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maikeru last won the day on August 30 2012

maikeru had the most liked content!


About maikeru

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    UT, USA
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    Science, literature, programming, and other nerdy stuff
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    College student (AKA, learning junkie).
  1. When it comes to evolution, efficiency and perfection are relative.
  2. It is "free game" and "open," but in more ways than you realize. Evolution has a guiding hand which often takes care of "wrong" choices (note that there really is no "wrong" or "right" in evolution, I'm using the terminology to simplify the discussion)--we call it Natural Selection. Individuals (and their collective genetic package) which acquire lethal or too many detrimental mutations have natural selection selecting against them, and hence are less likely to be able to reproduce and pass their detrimental mutations onto future generations. So long as natural selection applies pressure to sh
  3. Please acquaint yourself with a biology 101 textbook.
  4. It makes no sense. Replicating blood cells would impose a substantial energy burden on the organism as well as survival liabilities such as heightened risks for dangerous blood cancers similar to leukemia, lymphoma, etc. and failing cell membranes and organelles (due to the rigors that RBCs must endure) that your proposed hypothetical RBC-replicating organism would probably be dead within the blink of an eye. Their task is simple but important, their life short but dutiful. Given these thoughts, it is better to mass produce RBCs and replace them than to replicate and repair them with said liab
  5. 1. Higher O2 percentages in the air during those times. More O2 = more available for metabolism and bigger body mass/higher metabolism. Studies suggest up to 35% O2 in the Cretaceous. http://geology.com/usgs/amber/ 2. Birds have air sacs that allow for unidirectional flow of air throughout their respiratory system, essentially allowing them to breathe "fresh air" each time rather than mixing "old" and "new" air like mammalian lungs do. I suspect many dinosaurs had a respiratory setup similar to birds, especially if they were highly active or theropods. More efficient respiratory syste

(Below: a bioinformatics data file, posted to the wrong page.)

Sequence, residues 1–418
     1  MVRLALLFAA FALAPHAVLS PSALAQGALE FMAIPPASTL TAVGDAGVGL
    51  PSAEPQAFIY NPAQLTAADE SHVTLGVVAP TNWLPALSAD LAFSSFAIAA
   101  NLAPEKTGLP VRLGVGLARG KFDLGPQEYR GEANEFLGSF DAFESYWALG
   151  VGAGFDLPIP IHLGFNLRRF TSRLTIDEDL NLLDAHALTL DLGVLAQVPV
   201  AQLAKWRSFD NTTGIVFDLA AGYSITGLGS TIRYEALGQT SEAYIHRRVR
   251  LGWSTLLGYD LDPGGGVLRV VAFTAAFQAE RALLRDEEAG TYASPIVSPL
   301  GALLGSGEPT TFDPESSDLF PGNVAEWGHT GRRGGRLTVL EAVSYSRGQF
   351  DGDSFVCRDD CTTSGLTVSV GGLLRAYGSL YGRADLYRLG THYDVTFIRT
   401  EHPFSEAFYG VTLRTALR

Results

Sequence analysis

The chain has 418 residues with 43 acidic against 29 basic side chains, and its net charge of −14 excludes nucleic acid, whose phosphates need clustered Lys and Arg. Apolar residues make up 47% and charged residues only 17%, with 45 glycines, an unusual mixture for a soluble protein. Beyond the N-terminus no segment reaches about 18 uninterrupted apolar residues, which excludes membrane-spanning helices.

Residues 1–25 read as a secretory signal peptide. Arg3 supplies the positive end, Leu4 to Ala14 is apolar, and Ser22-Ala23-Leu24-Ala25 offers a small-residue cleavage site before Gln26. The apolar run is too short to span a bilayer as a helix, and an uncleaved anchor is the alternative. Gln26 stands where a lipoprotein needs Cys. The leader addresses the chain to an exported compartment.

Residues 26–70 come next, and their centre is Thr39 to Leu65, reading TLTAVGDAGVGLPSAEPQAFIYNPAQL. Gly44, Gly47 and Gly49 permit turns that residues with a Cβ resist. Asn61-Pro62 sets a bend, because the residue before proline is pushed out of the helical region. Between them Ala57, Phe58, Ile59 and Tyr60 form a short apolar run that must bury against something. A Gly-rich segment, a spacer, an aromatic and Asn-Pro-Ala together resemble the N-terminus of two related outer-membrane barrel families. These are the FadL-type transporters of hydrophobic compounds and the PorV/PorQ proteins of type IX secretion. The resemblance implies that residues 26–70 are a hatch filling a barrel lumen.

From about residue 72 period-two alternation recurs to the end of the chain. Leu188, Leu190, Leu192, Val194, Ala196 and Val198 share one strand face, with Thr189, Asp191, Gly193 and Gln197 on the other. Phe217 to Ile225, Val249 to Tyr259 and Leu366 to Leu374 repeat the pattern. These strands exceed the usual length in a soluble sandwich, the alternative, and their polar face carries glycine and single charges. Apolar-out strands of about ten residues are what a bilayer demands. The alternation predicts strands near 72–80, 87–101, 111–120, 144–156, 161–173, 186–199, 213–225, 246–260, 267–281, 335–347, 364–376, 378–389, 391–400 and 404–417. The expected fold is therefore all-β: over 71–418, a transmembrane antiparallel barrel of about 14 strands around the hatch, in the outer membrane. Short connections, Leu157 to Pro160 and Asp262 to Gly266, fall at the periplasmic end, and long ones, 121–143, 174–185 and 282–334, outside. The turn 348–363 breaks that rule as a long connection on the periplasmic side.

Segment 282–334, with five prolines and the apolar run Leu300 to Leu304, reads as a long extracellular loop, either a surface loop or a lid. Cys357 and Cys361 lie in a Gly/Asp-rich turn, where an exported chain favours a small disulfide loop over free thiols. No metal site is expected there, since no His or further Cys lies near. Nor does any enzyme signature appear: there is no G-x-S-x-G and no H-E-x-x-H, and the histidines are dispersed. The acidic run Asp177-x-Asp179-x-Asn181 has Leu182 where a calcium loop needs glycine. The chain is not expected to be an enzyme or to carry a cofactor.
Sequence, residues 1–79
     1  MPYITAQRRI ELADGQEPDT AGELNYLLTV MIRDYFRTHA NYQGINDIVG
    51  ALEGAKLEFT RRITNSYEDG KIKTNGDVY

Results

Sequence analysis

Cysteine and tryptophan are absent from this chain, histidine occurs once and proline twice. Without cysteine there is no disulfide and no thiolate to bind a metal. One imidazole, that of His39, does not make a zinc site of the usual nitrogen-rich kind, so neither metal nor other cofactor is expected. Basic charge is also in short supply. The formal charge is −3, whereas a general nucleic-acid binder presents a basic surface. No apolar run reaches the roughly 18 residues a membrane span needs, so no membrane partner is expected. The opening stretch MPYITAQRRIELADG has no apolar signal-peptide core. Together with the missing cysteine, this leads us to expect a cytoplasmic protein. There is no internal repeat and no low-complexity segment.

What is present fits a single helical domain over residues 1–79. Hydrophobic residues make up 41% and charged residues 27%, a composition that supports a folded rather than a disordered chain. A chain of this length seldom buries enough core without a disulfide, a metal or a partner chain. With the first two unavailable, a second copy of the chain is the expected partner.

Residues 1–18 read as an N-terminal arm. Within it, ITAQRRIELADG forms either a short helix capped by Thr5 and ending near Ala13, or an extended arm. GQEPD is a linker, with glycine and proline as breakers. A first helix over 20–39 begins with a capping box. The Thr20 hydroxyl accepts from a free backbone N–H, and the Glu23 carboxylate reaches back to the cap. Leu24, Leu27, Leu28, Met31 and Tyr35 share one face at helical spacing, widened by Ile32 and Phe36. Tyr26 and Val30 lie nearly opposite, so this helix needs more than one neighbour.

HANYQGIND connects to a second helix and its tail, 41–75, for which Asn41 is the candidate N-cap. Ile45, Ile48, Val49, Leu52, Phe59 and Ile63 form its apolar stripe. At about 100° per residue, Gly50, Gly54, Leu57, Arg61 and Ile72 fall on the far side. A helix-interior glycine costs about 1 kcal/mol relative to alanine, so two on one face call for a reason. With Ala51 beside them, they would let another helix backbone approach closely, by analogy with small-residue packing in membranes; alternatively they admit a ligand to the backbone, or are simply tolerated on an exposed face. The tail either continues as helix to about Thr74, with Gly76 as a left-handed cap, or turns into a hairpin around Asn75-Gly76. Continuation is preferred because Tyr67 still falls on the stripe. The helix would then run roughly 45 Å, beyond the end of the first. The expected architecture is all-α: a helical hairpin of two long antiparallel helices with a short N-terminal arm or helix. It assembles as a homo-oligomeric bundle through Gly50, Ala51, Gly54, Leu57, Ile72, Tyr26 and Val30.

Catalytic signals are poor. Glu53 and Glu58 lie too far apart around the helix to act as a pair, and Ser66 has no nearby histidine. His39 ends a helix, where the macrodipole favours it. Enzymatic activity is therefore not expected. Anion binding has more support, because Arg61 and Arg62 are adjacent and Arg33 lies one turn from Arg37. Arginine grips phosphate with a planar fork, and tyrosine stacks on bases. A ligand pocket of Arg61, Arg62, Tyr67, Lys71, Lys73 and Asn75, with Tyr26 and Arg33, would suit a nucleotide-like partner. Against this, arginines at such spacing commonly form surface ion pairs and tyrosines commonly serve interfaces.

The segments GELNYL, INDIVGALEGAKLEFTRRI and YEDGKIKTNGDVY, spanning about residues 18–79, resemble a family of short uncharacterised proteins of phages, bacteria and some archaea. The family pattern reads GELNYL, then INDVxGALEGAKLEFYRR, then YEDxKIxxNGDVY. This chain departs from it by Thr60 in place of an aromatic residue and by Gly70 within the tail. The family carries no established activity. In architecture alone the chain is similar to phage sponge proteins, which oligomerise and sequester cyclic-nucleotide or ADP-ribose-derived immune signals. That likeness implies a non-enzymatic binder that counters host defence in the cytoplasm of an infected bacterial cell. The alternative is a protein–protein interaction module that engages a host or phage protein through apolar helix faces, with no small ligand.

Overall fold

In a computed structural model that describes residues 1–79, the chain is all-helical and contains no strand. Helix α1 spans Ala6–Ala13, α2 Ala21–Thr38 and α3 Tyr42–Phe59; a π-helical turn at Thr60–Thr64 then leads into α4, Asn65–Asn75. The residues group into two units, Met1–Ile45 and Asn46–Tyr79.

6. Hi Nerdasaurus, I might recommend not giving out your name so quickly on the forums just for safety's sake. Other than that, welcome to Hypography! :) I studied microbiology and took many classes in immunology, cancer, and a few virology courses as an undergrad. I think neurology--and anything to do with the mind and cognition--is endlessly fascinating. One of my cousins studied neuroscience before he went to medical school. I also spent some time shadowing doctors in high school, because at one time I wanted to do medicine as well. I totally reversed course. I'm more interested in farming
  7. Love that thought! It always seems so easy, but actually is nothing short of an absolute nightmare. I was thinking this a few nights ago when I read Moontanman's link on Japan's idea for "floating cities" in the sea. http://scienceforums.com/topic/22716-green-float-concept-a-carbon-negative-city-on-the-ocean/ While not exactly terraforming, what we have been doing with the earth is a sort of terraforming, by making the Earth's surface more habitable for us and inhabitable for just about everything else. If we can achieve major projects here on earth, such as controlling global warming, c
  8. That's similar to what they did in Europe during the 18th and 19th centuries in Europe when desperate farmers raided graveyards and nations fought wars over guano. I find the notion that millions, maybe billions of pounds, of phosphate are flushed away out to the sea to be reprehensible. We're mining our soils until they have nothing left to give. Nitrogen is usually easier to add back into system with appropriate measures, but phosphate and micronutrients are invaluable.
  9. Moontanman, there's a king-sized **** on my screen. Are you sure it needs to be that big? Someone left his calling card!
  10. There is no perfect capitalism, just as there is no perfect communism. Your definition of "absolutely perfect capitalism" as the "free flow of information" is inherently problematic. It misses the whole point of capitalism. Capitalism is about *capital*, i.e., inputs, resources, energy, or money, and how it is invested and owned, mainly through private ownership, and arrangements of owners and workers in a profit-driven society. You can spin out a few more definitions of capitalism if you want, but I have never seen one that revolves solely around information and its flow. Information is still
  11. Infamous, welcome back old friend! :) Things have been too quiet around here.
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